Weight Loss, Restrictive Eating, and Getting Slow and Weak

Weight Loss, Restrictive Eating, and Getting Slow and Weak

By Kristen Arnold

So you’re shooting for that magic watts per kg sweet spot and decide to lose some weight to tip the scales. The questions are, how will you lose the weight and will this period of weight loss compromise your training and make you slower? The answers are, it depends and maybe. 

Here you can check out a free webinar recording with Source Endurance that I hosted on Weight Loss for Cyclists. In this webinar we go over defining ideal weight for cyclists, creating a timeline and a plan to achieve that weight and tips and tricks to make sure we are properly fueled for training while still losing weight.

snack food

The body needs to be burning more energy than it is receiving to lose weight. Common pitfalls made by cyclists on their quest for weight loss include eating too many high calorie foods outside of training and too little high calorie foods in the hours during and around training. The body needs to know it can rely on a steady stream of fuel to keep systemic stress levels (cortisol levels and other inflammatory marker levels) down and promote weight loss all while continuing to promote a productive training stimulus.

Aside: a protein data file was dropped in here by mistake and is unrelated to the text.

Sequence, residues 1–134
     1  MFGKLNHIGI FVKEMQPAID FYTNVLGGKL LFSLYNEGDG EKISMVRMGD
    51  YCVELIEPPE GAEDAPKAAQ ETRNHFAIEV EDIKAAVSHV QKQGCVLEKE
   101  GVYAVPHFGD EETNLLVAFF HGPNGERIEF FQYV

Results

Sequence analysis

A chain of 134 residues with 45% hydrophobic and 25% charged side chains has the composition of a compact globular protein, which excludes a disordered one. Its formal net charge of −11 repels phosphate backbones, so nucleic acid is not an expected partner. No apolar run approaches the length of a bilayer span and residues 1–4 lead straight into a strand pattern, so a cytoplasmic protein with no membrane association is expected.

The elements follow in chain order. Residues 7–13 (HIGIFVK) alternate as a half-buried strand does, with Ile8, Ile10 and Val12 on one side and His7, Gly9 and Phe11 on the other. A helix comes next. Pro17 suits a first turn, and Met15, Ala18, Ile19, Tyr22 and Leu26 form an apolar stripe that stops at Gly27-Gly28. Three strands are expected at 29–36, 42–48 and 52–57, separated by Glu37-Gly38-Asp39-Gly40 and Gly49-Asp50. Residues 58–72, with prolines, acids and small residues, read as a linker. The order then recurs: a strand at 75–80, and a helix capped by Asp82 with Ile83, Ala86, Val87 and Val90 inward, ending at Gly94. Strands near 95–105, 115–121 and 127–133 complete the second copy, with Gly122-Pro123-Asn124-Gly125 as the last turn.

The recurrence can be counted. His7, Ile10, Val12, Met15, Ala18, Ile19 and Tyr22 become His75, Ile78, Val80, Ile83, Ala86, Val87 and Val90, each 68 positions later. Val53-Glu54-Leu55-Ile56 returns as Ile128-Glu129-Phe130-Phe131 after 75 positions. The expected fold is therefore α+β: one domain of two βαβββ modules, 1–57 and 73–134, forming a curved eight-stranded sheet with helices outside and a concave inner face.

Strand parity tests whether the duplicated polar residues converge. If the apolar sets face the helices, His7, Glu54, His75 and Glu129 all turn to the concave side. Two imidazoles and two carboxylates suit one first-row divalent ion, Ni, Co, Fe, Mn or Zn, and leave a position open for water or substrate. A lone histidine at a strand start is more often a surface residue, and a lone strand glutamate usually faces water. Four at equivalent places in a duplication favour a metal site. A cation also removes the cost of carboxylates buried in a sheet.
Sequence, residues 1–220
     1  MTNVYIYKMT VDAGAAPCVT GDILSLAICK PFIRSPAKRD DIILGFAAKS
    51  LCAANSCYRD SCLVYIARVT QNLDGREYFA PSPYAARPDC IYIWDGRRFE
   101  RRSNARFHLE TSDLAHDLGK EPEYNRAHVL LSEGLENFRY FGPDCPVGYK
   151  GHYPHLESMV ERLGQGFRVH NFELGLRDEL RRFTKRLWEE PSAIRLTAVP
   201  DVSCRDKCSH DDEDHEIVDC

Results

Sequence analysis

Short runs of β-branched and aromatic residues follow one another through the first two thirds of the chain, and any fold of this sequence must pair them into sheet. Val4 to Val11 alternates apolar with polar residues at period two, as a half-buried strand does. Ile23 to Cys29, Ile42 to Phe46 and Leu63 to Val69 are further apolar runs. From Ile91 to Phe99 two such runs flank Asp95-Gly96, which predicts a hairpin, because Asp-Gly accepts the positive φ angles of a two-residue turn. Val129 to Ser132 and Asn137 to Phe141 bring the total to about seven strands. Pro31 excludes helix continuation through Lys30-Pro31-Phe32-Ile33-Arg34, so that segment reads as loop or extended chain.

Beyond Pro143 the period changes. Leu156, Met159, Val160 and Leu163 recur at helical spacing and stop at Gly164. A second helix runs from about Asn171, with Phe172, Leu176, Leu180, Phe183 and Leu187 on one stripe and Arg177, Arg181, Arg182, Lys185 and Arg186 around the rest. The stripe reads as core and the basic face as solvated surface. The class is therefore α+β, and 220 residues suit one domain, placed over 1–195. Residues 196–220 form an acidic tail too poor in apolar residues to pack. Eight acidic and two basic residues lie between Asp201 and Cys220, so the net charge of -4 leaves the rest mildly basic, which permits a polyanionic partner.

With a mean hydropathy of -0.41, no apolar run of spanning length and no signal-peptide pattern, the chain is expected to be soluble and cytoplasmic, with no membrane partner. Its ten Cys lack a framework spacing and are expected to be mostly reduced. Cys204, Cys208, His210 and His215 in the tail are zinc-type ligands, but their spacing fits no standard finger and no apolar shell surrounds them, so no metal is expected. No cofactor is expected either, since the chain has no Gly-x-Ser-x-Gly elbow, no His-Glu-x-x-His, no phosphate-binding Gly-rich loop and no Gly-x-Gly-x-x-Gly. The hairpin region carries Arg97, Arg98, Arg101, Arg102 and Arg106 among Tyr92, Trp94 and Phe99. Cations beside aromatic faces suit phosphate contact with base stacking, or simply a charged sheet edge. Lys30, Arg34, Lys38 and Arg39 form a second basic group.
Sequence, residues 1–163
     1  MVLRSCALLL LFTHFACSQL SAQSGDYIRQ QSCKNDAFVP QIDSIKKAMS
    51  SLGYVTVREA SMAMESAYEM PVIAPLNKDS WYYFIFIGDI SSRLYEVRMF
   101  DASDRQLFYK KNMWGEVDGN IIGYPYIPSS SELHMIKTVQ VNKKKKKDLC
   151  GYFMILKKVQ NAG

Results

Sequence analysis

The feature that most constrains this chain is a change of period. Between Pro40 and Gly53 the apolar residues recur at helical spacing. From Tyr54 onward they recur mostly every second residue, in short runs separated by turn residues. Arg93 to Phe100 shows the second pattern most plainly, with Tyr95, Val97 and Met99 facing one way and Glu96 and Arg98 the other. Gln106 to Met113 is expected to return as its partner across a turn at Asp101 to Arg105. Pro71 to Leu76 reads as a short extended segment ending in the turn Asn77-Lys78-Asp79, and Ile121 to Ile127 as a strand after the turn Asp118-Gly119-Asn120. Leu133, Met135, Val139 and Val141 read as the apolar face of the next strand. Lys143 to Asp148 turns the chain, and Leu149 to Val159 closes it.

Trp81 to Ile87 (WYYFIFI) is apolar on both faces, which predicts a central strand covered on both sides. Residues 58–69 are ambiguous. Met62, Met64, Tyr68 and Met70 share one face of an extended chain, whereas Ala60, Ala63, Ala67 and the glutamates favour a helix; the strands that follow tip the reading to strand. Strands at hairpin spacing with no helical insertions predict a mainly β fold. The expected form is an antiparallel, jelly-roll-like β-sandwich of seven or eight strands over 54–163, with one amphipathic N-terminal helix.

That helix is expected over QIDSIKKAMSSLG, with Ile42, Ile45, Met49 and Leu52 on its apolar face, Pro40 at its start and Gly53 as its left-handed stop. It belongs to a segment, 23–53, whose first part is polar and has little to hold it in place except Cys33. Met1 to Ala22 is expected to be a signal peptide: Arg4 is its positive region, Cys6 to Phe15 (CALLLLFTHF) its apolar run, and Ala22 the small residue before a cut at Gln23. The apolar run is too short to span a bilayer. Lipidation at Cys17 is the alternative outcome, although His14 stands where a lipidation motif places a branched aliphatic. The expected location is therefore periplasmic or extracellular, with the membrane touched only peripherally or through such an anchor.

Another common pitfall of cyclists is restricting entire food groups. The body needs all the vitamins, minerals, energy and other nutrients available in the 5 basic food groups to thrive and avoid deficiencies: meat and plant-based protein rich foods, grains and starchy vegetables, fruit, nonstarchy vegetables, fat rich foods. Dairy can sometimes be its own food group or roped into protein-rich foods. While restricting carb-rich foods is a popular weight loss method, there are very few studies showing that restricting carbs has the same effect on athletes as it does on a less active population. The Academy of Nutrition and Dietetics, Dietitians of Canada, and the American College of Sports Medicine support the intake of carbohydrates for endurance athletes both during and outside of times of weight loss. 

food plate diagram

Athletes can expect to lose half to two pounds per week in times of weight loss or less than 1% of their body weight per week. Losing weight at this rate has the highest success rate of keeping weight off for the long term, rather than gaining it back. This also ensures athletes are in an energy deficit but not too much that they compromise their training and immune system.

If you are considering losing weight before your big event and want to make sure your body is optimally fueled and stays healthy during this time, consider working with a sports registered dietitian to apply best methods for you. What works for one athlete may not work for others and considering factors such as age, sex, hormone levels, medical issues, dietary restrictions, time availability, training volume will all be in the wheelhouse of a sports RD. 


Kristin Arnold

Kristen is a Registered Dietitian Nutritionist and a board-Certified Specialist in Sports Dietetics. She also has a Master’s in Human Nutrition from The Ohio State University. She owns a private practice nutrition counseling business focusing on performance nutrition for women as well as is a sports dietitian and coach for bicycle racers with Source Endurance where she coaches entry-level to national elite-level cyclists in mountain, road, and cyclocross bike racing. In addition to nutrition counseling and coaching, Kristen is a professional cyclist for team Wolfpack p/b JAKROO. 

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